Federal investigators have said the pipeline appeared to have been damaged by a ship’s anchor, likely belonging to one of dozens of cargo ships that have been backlogged over a period of months outside the Los Angeles-Long Beach port complex.

Investigators have boarded and searched at least two cargo ships that were believed to be potentially involved in the “anchor-dragging,” which authorities have suggested occurred as long ago as January during stormy weather.

The October leak resulted in at least 25,000 gallons of crude oil being leaked into the ocean.

During news conferences following the leak, Amplify Energy CEO Martyn Willsher repeatedly denied that company workers had any indication of a possible leak in the pipeline until the early morning hours of Oct. 2, despite various reports that a sheen in the water was detected a day earlier.

A report issued by federal authorities later stated that the company’s control room received a low-pressure alert on the pipeline at about 2:30 a.m. Oct. 2, but the line remained in operation until about 6 a.m.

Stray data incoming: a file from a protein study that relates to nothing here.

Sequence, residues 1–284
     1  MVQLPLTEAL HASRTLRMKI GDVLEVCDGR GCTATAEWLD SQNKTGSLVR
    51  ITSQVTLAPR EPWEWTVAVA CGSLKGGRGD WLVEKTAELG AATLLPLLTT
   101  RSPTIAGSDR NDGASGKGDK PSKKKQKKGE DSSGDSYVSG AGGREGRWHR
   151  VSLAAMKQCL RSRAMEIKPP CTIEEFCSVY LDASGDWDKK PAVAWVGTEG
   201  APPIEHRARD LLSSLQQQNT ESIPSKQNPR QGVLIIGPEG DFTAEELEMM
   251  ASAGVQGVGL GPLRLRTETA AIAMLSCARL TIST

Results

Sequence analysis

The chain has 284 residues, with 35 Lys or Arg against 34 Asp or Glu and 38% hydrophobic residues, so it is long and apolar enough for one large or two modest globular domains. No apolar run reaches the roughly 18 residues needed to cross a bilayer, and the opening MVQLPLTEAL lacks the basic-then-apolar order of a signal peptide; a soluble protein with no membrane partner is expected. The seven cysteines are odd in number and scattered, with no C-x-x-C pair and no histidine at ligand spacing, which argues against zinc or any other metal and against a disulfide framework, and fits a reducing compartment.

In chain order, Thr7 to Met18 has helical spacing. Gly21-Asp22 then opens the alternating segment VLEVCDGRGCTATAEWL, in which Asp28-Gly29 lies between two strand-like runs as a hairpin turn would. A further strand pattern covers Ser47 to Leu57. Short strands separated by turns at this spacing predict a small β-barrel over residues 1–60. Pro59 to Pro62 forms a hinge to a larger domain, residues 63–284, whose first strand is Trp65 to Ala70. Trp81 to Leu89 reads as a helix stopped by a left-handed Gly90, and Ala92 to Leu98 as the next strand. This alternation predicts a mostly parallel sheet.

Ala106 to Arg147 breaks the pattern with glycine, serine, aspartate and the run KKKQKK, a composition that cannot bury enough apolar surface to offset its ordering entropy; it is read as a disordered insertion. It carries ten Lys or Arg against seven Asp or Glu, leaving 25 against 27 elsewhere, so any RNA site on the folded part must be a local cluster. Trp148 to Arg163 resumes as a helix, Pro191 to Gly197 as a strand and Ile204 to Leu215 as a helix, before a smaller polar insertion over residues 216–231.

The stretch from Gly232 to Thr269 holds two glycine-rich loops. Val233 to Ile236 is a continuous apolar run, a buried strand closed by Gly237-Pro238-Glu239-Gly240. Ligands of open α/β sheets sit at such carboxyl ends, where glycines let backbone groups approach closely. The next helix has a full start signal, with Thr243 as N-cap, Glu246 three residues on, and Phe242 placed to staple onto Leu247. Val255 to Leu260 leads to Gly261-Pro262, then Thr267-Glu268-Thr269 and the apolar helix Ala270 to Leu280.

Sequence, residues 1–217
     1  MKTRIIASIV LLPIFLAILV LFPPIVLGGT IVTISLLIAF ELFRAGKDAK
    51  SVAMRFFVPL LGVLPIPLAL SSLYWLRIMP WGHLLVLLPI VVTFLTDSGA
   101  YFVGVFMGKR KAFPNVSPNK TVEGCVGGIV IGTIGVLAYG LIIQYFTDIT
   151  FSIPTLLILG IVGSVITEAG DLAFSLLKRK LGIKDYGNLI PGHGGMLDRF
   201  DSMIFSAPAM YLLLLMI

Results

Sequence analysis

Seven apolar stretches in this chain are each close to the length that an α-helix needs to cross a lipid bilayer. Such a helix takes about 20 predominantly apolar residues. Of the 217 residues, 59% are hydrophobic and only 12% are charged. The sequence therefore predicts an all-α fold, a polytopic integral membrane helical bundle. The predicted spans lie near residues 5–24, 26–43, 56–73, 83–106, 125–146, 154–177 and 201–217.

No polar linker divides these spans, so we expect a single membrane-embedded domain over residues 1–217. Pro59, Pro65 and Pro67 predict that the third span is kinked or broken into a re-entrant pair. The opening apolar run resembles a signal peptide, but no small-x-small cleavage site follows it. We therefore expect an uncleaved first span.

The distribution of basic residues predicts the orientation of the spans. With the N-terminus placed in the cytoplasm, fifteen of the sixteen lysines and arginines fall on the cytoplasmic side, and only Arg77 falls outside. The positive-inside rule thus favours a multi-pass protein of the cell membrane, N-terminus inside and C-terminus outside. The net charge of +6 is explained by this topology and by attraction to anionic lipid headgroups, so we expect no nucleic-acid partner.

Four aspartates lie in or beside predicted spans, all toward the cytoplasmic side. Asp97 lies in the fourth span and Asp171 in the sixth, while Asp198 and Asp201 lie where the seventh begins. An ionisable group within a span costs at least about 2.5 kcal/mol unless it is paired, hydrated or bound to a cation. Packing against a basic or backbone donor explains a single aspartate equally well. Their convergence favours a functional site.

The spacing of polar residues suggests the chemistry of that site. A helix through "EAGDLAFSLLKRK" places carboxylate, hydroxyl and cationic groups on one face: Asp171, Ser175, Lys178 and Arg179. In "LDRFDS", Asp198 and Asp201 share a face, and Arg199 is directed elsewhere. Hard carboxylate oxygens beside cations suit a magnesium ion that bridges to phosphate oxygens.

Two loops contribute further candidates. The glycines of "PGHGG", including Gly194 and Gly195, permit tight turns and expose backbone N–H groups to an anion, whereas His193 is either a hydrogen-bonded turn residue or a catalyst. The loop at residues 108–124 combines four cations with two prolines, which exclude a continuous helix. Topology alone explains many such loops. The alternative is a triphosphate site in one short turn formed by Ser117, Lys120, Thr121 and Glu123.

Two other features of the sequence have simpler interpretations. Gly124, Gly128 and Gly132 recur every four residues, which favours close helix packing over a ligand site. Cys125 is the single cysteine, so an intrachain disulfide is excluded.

The federal indictment alleges the companies:

— failed to properly respond to eight alarms from an automated leak-detection system between 4:10 p.m. Oct. 1 and 5:28 a.m. Oct. 2;

— shut down and then restarted the pipeline five times after the first five alarms were triggered, meaning oil continued flowing through the damaged line for more than three hours;

— pumped oil for three additional hours late on Oct. 1 into the early morning hours of Oct. 2 while a manual leak test was performed, despite the sixth and seventh alarms;

— despite the eighth alarm, operated the pipeline for nearly one hour in the predawn hours of Oct. 2 after crew on a boat the company contacted failed to spot any discharged oil in the middle of the night;

— operated the pipeline with crew members who were not adequately trained on the automated leak detection system; and

— operating the pipeline with an “understaffed and fatigued crew.”

In its statement, Amplify Energy defended the actions of its workers.

“Over the course of the timeframe in question, Amplify’s offshore platform and onshore pipeline personnel worked together to troubleshoot and rectify what were believed to be false leak detection system alarms,” according to the company. “Following each alarm, the crews investigated various components of the platform and the pipeline’s instrumentalities to determine what could be contributing to what were thought to be false alarms.